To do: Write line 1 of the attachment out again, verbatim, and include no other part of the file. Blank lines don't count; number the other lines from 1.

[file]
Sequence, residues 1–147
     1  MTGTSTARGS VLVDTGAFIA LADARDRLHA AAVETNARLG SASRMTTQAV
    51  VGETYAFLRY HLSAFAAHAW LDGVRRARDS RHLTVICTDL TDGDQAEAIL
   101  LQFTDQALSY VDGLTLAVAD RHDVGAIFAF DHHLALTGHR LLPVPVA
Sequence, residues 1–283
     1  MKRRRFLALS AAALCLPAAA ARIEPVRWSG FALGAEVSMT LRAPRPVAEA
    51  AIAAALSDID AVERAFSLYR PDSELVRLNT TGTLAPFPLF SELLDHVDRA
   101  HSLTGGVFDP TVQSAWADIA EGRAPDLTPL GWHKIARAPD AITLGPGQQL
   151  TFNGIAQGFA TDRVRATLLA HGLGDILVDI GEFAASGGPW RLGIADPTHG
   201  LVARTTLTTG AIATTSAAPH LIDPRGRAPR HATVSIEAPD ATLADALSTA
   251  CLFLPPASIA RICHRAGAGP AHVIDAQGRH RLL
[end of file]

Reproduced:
Sequence, residues 1–147